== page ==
As Bank of America Corp. faces rising defaults and falling earnings, analysts are asking whether the Charlotte bank will have to cut its payouts to shareholders. After all, more companies have been cutting dividends, and the financial industry is especially affected.

Wachovia Corp. already cut its dividends by 41 percent this year, and some analysts have said it may slash them yet again.

“It's become socially acceptable – not to mention necessary – for banks to cut their dividends these days,” observed James Early, a senior analyst at The Motley Fool investment Web site.

Dividends are per-share payments a company gives shareholders from its corporate earnings, usually each quarter. Companies don't have to pay them, but they're a good incentive for encouraging people to buy a stock.

Forty-two banks and thrifts have cut their dividends this year, including big names like Citigroup Inc. and Washington Mutual Inc., according to data compiled by SNL Financial. That's well on the way to surpassing last year's tally, when 55 banks cut dividends. And banks aren't the only ones slashing them: Thirteen companies on the S&P 500 have cut dividends and another five have suspended them this year. In the first half of last year, two companies cut dividends and two suspended them.

Cutting dividend payouts is a surefire way to anger shareholders, but the Federal Reserve and market conditions are pressuring banks to shore up capital. The two Charlotte banks have also had to raise capital this year by issuing new securities, which can dilute the value of shareholders' holdings because profits are spread among more shares.

In the first quarter, Bank of America earned 23 cents per share and paid out 64 cents. Wachovia lost 36 cents per share; it announced in April it would cut its dividend to 37.5 cents from 64 cents.)

“The market is definitely pricing a dividend cut for (Wachovia and Bank of America),” Early said. “And the market tends to be pretty smart.”

Bank of America

Analysts at Deutsche Bank said recently that Bank of America, as well as Citigroup and Goldman Sachs Group Inc., may announce “dramatic” dividend cuts. It predicted that Bank of America would cut its dividend from 64 cents to 38 cents – right in line with Wachovia's reduction.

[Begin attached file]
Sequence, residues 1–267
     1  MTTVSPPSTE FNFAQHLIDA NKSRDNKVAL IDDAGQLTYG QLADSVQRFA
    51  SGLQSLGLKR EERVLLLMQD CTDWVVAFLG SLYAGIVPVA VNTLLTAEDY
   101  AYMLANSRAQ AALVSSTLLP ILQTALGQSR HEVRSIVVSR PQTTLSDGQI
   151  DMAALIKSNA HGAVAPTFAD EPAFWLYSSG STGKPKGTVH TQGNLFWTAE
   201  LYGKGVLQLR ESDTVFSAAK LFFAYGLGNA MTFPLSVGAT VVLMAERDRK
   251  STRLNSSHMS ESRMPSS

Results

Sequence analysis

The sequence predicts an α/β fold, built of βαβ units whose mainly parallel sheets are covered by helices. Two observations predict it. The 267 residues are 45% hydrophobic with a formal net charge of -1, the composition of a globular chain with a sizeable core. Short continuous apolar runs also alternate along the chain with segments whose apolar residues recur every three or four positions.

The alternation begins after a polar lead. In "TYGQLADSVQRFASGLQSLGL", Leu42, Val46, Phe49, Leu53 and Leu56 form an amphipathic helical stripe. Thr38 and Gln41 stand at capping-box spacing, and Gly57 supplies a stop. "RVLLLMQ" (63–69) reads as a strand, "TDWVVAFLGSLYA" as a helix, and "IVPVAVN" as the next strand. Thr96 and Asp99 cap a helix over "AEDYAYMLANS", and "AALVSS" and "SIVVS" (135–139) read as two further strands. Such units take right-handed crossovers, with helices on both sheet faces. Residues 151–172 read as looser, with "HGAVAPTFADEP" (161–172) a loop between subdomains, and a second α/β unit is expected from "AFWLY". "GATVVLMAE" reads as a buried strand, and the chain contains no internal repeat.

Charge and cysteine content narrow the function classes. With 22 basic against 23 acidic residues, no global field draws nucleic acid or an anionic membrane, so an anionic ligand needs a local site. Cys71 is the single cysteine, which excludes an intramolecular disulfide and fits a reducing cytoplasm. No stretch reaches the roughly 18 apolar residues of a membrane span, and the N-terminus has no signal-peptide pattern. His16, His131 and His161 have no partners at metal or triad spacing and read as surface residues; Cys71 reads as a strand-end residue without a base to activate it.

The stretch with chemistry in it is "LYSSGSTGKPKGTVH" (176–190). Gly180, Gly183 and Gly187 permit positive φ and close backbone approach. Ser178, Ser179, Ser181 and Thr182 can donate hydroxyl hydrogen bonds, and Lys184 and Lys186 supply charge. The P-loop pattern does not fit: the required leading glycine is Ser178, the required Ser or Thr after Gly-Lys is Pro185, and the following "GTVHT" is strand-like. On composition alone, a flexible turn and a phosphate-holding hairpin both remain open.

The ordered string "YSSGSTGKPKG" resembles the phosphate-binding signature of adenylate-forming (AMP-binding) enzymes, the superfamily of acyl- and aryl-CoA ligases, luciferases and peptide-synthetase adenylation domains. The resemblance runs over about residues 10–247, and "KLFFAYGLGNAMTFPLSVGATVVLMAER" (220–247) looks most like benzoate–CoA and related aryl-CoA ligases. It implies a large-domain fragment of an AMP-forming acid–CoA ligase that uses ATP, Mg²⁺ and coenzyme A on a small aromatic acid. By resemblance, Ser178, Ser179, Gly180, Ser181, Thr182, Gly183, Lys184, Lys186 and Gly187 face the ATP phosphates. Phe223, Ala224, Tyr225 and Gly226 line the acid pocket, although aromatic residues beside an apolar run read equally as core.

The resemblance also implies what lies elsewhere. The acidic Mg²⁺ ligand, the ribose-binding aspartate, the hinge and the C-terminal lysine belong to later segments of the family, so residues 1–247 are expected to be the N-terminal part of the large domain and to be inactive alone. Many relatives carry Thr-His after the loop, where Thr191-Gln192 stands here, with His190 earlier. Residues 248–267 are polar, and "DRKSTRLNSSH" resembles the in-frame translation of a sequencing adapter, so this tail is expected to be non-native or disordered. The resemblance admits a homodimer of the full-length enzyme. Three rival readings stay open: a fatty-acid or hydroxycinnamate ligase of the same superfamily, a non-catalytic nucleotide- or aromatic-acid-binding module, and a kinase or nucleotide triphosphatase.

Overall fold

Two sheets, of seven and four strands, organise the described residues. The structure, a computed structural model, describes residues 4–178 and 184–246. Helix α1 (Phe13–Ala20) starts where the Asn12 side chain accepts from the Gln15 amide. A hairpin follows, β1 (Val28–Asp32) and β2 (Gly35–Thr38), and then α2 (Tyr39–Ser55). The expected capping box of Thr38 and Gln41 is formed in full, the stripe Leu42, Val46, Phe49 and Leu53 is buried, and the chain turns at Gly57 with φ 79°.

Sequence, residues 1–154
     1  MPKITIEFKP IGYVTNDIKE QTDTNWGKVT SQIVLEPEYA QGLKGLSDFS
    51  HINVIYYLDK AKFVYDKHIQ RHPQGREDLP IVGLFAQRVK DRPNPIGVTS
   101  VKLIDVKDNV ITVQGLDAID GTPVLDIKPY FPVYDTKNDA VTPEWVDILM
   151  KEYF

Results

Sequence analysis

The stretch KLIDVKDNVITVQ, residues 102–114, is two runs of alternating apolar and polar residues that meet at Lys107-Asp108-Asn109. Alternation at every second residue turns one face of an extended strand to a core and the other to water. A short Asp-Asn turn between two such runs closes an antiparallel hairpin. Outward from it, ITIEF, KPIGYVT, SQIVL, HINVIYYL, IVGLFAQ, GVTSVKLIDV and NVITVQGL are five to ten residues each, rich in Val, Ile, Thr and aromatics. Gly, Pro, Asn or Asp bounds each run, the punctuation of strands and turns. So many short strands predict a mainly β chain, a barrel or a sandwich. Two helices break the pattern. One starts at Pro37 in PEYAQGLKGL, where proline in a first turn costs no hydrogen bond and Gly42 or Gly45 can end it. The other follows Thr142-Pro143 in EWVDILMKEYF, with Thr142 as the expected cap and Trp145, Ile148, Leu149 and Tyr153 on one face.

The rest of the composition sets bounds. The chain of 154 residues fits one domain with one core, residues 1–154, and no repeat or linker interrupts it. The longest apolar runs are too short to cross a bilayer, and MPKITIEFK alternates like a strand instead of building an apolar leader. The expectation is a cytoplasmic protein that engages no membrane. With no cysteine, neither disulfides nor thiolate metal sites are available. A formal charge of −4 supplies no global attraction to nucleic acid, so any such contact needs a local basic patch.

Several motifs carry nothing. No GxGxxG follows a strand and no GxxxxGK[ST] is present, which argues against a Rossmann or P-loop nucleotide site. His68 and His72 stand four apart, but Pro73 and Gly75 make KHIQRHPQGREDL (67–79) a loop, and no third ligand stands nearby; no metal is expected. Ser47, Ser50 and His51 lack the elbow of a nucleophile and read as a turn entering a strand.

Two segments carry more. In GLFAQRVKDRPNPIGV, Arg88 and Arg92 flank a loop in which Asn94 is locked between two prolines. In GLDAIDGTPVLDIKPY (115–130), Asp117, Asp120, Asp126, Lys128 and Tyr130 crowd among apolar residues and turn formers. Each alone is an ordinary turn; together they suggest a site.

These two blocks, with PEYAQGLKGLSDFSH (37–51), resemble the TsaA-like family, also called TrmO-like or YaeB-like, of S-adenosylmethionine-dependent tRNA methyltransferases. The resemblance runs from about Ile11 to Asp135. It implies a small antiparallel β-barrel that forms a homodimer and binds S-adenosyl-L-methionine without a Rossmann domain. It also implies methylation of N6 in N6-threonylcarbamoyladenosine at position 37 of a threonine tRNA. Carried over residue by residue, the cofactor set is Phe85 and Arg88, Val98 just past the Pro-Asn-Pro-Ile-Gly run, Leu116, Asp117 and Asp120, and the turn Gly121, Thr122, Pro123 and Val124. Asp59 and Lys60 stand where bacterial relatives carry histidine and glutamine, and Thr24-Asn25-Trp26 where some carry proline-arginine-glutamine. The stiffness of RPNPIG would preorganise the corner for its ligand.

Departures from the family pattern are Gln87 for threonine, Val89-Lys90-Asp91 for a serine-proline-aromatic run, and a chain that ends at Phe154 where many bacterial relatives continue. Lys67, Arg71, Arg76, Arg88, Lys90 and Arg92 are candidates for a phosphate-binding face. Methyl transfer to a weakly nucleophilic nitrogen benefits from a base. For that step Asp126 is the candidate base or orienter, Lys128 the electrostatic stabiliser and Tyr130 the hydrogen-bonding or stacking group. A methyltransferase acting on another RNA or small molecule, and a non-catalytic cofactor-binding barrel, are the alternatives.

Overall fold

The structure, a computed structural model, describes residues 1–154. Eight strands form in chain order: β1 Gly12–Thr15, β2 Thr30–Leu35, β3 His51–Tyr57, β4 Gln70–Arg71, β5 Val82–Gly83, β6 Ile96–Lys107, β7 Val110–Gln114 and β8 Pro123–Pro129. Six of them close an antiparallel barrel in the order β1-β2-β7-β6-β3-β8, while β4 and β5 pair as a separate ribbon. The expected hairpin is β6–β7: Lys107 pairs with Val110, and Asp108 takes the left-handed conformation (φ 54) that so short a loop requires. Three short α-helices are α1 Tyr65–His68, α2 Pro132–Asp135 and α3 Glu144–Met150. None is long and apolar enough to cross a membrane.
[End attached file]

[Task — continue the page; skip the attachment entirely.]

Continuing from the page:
Last month, Merrill Lynch analyst Edward Najarian forecasted a 30 percent dividend cut in the third quarter for Bank of America. Jaime Peters at Morningstar said in a note Monday that, if Bank of America buys Countrywide Financial Corp. this summer as expected, there's an 80 percent chance that the bank will cut its dividend and raise additional capital in order to finance the deal. Peters estimates there are between $5billion and $18 billion of losses hidden on the balance sheet of Countrywide, the troubled California-based mortgage lender Bank of America expects to acquire this summer.

In January, Peters estimated that Bank of America needs to earn $3 billion in each quarter this year to meet dividends payment without eating into the capital base. In the first quarter, earnings were $1.2 billion, down from $5.3 billion the year before.

Bank of America chief executive Ken Lewis has said the bank would consider cutting the payout if the economy worsens dramatically.

“But from what we see and what we project, we see no reason to cut the dividend,” he said last week, speaking on a conference call with analysts.

Lewis also emphasized that earnings had fallen behind dividend payments because the bank was building up reserves for potential losses. “That's a little different than a cash loss or not meeting it with all your cash sources,” he said. Bank of America put $3.3billion of pre-tax earnings in reserve in the first quarter.

In a January earnings call, Lewis noted how Bank of America has raised its dividend for 30 years.

Dick Bove, an analyst for Ladenburg Thalmann, and others agree with Lewis' defense, also citing Bank of America's respectable capital levels and increasing interest income and deposits.

If Bank of America does cut its dividend, Peters said, it should be able to restore it soon after the credit crunch is over.

Wachovia

Some analysts expect a second whack at Wachovia's dividend as the bank attempts a turnaround after jettisoning its CEO. Ken Thompson's dismissal last week, Early said, “wouldn't have been likely had the company seen a bunch of good news coming down the pike.”

Kevin Fitzsimmons of Sandler O'Neill said in a note released after Thompson's ousting that cutting the dividend again could be easier with a new CEO on board. Gary Townsend, a former analyst who has launched a Maryland-based investment firm, correctly predicted as early as February that Wachovia would cut its dividend, even as the bank was saying otherwise. Tuesday, he said there was a “reasonable probability” that Wachovia would cut it again.

Wachovia's dividend had risen steadily and significantly since 2001, when the bank halved it to 24 cents after watching profits fall 97 percent the year before, largely because it closed down a troubled subprime lender called The Money Store.

Wachovia and Bank of America said Tuesday they do not comment on analysts' speculations.